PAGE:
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A suspension of airborne solid or liquid particles, with a typical size between a few nanometres and 10 μm that reside in the atmosphere for at least several hours. The term aerosol, which includes both the particles and the suspending gas, is often used in this report in its plural form to mean aerosol particles. Aerosols may be of either natural or anthropogenic origin. Aerosols may influence climate in several ways: through both interactions that scatter and/or absorb radiation and through interactions with cloud microphysics and other cloud properties, or upon deposition on snow- or ice-covered surfaces thereby altering their albedo and contributing to climate feedback.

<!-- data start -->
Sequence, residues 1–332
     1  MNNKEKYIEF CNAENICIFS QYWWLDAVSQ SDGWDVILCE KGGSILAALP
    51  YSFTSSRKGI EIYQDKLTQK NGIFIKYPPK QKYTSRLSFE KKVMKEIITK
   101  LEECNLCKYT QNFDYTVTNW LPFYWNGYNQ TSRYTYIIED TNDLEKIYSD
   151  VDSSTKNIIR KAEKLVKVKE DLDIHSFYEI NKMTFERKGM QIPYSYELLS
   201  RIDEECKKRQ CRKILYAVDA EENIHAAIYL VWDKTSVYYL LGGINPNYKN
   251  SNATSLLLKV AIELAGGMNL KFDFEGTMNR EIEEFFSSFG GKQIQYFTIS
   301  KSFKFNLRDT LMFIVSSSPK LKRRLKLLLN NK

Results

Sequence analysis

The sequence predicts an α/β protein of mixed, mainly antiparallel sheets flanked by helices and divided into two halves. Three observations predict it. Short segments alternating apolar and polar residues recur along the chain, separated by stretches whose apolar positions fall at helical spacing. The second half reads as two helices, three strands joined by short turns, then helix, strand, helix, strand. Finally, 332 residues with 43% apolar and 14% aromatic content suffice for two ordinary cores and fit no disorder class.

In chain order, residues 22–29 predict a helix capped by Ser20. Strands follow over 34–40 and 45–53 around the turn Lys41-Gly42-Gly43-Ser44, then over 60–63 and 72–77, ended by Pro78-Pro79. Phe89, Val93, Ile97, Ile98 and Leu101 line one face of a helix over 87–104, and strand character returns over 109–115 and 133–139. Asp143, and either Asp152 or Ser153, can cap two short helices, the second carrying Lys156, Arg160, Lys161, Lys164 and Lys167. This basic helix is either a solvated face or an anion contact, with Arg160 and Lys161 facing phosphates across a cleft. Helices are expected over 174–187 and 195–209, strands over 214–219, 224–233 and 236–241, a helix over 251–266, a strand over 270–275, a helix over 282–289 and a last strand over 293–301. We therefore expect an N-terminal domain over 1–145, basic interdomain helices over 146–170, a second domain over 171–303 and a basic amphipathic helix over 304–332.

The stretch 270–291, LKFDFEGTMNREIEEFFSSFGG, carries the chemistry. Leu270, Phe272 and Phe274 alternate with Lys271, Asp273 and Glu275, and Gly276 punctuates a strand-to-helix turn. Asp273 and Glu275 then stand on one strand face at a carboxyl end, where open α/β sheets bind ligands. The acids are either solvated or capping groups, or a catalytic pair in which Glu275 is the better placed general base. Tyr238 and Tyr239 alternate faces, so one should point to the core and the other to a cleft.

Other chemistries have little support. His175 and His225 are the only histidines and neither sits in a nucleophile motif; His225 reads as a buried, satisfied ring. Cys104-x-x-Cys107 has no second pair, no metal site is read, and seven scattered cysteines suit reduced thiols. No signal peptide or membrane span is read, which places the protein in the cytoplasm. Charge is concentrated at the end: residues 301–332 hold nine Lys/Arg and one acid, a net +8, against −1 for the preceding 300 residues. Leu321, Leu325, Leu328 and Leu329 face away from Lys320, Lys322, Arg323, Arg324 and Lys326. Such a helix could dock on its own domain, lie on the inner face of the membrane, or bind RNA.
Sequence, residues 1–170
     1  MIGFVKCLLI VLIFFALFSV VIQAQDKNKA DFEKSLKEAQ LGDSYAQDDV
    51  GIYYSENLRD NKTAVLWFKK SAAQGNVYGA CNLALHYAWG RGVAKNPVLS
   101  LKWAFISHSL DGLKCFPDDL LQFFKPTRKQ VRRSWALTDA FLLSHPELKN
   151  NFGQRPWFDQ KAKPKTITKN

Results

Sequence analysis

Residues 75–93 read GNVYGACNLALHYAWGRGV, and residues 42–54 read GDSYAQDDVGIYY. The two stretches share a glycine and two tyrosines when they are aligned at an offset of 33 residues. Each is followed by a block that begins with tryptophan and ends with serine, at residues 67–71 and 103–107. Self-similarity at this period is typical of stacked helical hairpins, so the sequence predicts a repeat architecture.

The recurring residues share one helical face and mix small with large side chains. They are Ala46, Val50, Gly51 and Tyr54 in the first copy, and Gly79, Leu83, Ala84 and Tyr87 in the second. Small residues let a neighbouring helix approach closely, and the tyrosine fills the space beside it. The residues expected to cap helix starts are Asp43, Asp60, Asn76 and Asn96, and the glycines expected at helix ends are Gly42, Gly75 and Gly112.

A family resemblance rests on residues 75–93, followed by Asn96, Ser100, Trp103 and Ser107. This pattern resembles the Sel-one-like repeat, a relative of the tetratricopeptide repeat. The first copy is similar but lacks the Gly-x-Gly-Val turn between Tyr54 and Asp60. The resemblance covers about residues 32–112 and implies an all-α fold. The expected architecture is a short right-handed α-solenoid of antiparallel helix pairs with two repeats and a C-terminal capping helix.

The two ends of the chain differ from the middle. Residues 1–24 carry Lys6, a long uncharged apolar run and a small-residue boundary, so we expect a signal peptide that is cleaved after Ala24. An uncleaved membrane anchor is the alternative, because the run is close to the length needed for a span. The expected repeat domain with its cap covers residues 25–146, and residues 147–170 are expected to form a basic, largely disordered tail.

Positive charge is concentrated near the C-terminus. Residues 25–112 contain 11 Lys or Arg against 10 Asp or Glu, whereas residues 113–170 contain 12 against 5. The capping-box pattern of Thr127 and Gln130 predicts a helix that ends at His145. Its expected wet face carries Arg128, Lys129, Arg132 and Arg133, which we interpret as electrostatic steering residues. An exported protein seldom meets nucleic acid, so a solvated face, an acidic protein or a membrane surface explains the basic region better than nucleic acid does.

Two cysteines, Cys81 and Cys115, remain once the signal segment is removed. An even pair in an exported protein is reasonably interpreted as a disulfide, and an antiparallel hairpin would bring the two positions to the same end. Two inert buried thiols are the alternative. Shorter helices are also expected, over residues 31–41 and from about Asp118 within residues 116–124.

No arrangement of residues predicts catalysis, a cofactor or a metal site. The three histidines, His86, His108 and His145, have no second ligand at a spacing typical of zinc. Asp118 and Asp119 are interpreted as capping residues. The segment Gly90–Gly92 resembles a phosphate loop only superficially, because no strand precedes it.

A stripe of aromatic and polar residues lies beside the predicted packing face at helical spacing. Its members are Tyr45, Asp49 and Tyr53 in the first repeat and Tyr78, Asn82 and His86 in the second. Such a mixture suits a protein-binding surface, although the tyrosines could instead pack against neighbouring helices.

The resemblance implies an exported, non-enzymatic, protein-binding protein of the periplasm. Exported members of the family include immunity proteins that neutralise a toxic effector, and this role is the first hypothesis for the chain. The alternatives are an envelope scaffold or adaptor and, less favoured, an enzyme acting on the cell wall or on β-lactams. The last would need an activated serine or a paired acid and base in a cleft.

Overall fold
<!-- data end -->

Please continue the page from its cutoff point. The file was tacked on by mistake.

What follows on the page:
Atmospheric aerosols, whether natural or anthropogenic, originate from two different pathways: emissions of primary particulate matter (PM), and formation of secondary PM from gaseous precursors. The bulk of aerosols are of natural origin. Some scientists use group labels that refer to the chemical composition, namely: sea salt, organic carbon, black carbon (BC), mineral species (mainly desert dust), sulphate, nitrate, and ammonium. These labels are, however, imperfect as aerosols combine particles to create complex mixtures.

See also: Short-lived climate forcers (SLCF) and Black carbon (BC).